México – Taking a break from visiting other states, I find myself in México with my Brazilian Jiu Jitsu Instructor and two of my training partners. This was a trip we’ve been planning for a while since my instructor has many affiliates across México. On this trip, we had plans to stop in México City, Mérida, and Playa del Carmen. We had a two-day training camp setup in Chicxulub where my instructor along with other instructors from México was scheduled to teach.
- Traveling to the Yucatán region of México, the weather can be unpredictable since it’s tropical. It’s mostly sunny but a thunderstorm can come in at any second so pack for both types of weather.
- Make sure you have your passport of course if you’re traveling from abroad. Be sure to fill out your immigration form that they hand to you on the plane so you don’t waste any time after you land.
- In popular areas such as México City and Playa del Carmen there are people who speak English so Spanish isn’t as necessary but it helps to know a few words.
- If you’re in areas such as Mérida, not too many people speak Spanish so either travel with someone who does who be sure to learn a bit before your trip. I took 3 years worth of Spanish classes in high school that proved to be really helpful. I was surprised I remembered any of it since it’s been a decade.
- Calculate how much money you plan on spending and exchange. Most places take cash only so you’ll need pesos. Only large tourist locations such as hotels take card. Yes, there are ATMs but they charge a lot for withdrawing.
- Street food is good food. Don’t be afraid to try food they sell on streets. I found that these were the best. Avoid tourist food spots where they charge three times the price for less authentic food.
- Plan to tan. The oceans out here are blue and the water is warm. Progresso, Chicxulub, Playa del Carmen, Cancun, etc. all having amazing beaches.
- Pack light. Most likely you’ll be taking buses, taxis, or moving around a lot so no need to luggage unless you really need to. I had one backpack and a small drawstring bag for a week, which was perfect for the trip.
- Is bug repellent necessary? I bought myself some repellent before the trip fearing that I’d be bitten by mosquitos but surprisingly I didn’t run into a single one!
- Don’t drink the water! Everyone will tell you this. Bottled water is cheap so stick to that. It’s not because the water is dirty or anything but it contains different bacteria that you body probably isn’t used to that can make you sick.
- Wallet in the front! I never found this to be an issue but in crowded areas keep you money close to you. Better safe than sorry!
- Contact your phone company to see if you have service in México. Wi-Fi is not widely available and can be spotty at hotels so check your phone plan before your trip.
- Oxxo is your friend. You’ll see this local convenience store everywhere. It’s like Lawson in Japan or a better 7-Elven in America.
Places to Visit as a Tourist
Keep in mind that México is a huge country and I was only able to visit for a week. Below are places I would highly recommend based on my own personal experience or recommendations from locals. These point-of-interests are in México City and the Yucatán region.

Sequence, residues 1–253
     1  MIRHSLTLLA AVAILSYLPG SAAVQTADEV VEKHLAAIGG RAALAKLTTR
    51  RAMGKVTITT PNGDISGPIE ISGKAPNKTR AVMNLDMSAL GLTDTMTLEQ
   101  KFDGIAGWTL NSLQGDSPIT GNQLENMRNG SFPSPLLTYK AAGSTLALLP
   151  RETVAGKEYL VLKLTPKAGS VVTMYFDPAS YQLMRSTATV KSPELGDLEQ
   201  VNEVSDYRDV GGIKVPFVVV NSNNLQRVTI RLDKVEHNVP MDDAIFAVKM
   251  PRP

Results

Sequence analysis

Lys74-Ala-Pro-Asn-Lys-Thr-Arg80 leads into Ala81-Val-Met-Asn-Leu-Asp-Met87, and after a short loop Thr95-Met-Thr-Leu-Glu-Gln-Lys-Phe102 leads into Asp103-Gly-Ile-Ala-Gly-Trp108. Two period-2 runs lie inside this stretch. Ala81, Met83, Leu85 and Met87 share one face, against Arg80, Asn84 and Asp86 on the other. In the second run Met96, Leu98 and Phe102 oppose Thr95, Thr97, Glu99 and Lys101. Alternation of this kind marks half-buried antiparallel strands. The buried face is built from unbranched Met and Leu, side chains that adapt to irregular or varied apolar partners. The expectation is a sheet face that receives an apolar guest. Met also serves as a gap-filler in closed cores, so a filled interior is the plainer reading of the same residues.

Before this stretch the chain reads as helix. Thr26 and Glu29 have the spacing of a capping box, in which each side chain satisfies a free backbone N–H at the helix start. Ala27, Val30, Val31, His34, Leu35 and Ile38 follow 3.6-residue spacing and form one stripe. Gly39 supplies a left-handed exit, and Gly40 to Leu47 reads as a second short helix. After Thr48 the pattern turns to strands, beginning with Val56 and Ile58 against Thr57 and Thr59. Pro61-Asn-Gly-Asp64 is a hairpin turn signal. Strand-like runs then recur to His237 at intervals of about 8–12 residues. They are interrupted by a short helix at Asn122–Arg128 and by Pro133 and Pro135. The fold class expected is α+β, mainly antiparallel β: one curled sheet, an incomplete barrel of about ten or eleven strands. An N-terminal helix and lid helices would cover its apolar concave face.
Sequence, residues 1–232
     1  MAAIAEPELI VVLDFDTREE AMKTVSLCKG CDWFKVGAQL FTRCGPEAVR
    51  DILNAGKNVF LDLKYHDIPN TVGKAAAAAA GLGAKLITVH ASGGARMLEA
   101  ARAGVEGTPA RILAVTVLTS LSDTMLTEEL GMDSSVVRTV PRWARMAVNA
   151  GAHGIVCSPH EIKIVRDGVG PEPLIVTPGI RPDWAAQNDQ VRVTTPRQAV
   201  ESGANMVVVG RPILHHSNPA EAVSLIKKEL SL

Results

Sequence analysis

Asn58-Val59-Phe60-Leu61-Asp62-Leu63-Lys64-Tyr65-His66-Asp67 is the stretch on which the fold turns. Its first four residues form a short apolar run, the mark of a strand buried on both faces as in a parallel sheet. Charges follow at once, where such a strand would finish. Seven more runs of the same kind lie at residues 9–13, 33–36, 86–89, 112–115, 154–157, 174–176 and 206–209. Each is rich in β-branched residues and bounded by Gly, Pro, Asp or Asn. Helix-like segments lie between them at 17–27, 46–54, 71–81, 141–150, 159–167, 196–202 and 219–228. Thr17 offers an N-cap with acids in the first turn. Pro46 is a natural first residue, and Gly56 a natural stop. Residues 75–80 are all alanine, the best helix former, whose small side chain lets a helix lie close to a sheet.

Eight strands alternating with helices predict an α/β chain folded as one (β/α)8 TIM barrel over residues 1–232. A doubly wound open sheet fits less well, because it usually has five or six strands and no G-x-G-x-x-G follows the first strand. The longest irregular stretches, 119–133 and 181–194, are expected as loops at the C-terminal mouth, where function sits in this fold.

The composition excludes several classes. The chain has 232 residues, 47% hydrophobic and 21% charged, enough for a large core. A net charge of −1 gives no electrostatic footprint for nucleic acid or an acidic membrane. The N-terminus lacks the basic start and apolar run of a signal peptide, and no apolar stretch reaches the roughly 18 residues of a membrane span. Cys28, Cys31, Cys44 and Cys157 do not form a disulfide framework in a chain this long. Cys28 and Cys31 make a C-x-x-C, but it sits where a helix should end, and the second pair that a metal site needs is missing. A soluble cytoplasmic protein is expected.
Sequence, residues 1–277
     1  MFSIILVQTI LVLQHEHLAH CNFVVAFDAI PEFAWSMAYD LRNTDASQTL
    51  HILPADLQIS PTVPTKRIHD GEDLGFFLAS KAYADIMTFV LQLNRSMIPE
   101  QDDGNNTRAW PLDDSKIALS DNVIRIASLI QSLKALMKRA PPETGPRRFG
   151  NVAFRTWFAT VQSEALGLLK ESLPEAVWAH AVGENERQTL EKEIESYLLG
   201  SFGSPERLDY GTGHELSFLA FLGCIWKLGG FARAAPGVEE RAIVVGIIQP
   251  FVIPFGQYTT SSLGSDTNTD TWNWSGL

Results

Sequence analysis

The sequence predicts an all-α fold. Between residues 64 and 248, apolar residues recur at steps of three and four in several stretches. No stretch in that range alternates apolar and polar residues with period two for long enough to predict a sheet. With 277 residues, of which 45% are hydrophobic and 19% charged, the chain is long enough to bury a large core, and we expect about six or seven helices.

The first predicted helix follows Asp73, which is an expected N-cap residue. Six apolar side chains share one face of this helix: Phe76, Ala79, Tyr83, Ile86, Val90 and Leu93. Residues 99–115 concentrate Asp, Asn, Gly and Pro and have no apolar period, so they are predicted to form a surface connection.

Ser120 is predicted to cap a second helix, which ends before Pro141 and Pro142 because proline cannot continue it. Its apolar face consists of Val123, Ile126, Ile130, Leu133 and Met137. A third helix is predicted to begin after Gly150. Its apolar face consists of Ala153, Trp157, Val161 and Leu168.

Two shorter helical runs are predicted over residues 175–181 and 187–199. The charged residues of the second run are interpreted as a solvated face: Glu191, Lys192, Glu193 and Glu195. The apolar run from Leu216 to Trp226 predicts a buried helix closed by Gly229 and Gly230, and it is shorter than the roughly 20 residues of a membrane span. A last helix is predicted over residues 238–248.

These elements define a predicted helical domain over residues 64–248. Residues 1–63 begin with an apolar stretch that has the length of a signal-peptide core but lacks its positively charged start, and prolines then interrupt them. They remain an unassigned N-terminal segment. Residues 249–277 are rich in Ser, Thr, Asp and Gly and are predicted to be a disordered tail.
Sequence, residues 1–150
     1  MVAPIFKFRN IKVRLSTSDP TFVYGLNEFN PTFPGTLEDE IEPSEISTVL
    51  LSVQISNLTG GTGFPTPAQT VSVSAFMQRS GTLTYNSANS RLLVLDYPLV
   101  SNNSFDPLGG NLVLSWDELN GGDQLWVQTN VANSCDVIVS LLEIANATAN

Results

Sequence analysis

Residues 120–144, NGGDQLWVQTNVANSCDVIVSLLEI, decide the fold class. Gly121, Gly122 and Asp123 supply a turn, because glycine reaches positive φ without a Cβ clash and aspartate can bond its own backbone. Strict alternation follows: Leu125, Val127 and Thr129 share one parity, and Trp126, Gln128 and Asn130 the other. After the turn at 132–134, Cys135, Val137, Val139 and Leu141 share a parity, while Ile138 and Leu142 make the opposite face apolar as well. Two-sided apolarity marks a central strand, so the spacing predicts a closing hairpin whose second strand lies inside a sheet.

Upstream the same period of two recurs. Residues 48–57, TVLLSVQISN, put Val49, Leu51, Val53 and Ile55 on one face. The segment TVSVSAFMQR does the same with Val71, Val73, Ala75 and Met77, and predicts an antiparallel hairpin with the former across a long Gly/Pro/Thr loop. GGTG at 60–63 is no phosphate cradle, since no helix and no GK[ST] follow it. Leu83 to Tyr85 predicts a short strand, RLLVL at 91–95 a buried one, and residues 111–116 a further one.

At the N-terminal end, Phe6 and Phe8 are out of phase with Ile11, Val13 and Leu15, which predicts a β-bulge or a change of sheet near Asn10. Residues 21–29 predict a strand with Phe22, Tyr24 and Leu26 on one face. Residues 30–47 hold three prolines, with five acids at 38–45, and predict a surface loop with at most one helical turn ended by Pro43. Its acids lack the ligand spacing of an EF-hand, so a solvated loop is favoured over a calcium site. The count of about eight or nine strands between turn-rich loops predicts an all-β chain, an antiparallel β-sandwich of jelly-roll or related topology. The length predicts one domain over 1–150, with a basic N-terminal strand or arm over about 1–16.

- Basilica of our Lady Guadalupe
- Catedral Metropolitana
- Mueso Nacional de Anthropologia
- Chicxulub Beach
- Chichen Itza
- Various Cenote around Yucatán
- Playa del Carmen Main Strip (5th Avenue)
- Calle Doce en Playa del Carmen
- Mamitas Beach
Our camp took place in Chicxublub where we were a few steps away from the Caribbean Sea. After setting up the mats, we waited for everyone to arrive at the venue. We started with a large group warm-up session followed by hours of techniques. Of course being in Mexico, everything was taught in Spanish.
I was the only non-Spanish speaking but actually did okay. (The only Spanish I knew was from high school back in the day). Luckily, there were a couple people who spoke English to help me out too.
Day 1 was mainly a day of techniques in the gi. Even though it was four hours long it didn’t feel as long. Yes, I was starving after though but it was cool to meet new people. After the four workshop we had about an hour to roll/spar. By the end of it I was pretty tired. The elevation and heat was something I wasn’t used to so it made moving around much more difficult. Overall though it was a great experience.
Day 2, we had a wider variety of instruction. We had some cardio in the morning then the usually BJJ techniques portion. Afterwards we took off our gi and threw on some MMA gloves for the mixed martial arts portion of the camp. This part I was really comfortable with since I’ve been doing Karate for over ten years. The punches and kicks are the same so everything came naturally.
After the MMA session, our main instructor had all the brown belts teach a technique each to the group. Once this session was done we then proceeded to spar for an hour like the previous day. Most of these guys are strong and were definitely bigger than me but I felt like I did much better on Day 2 since I was adapting to the heat and elevation.
Once Day 2 was done we had a promotion ceremony for the guys and did the usual group pictures. After clearing the mats we were done and ready to go explore…
Check out footage from our trip below:
Yucatán, México – April 2017
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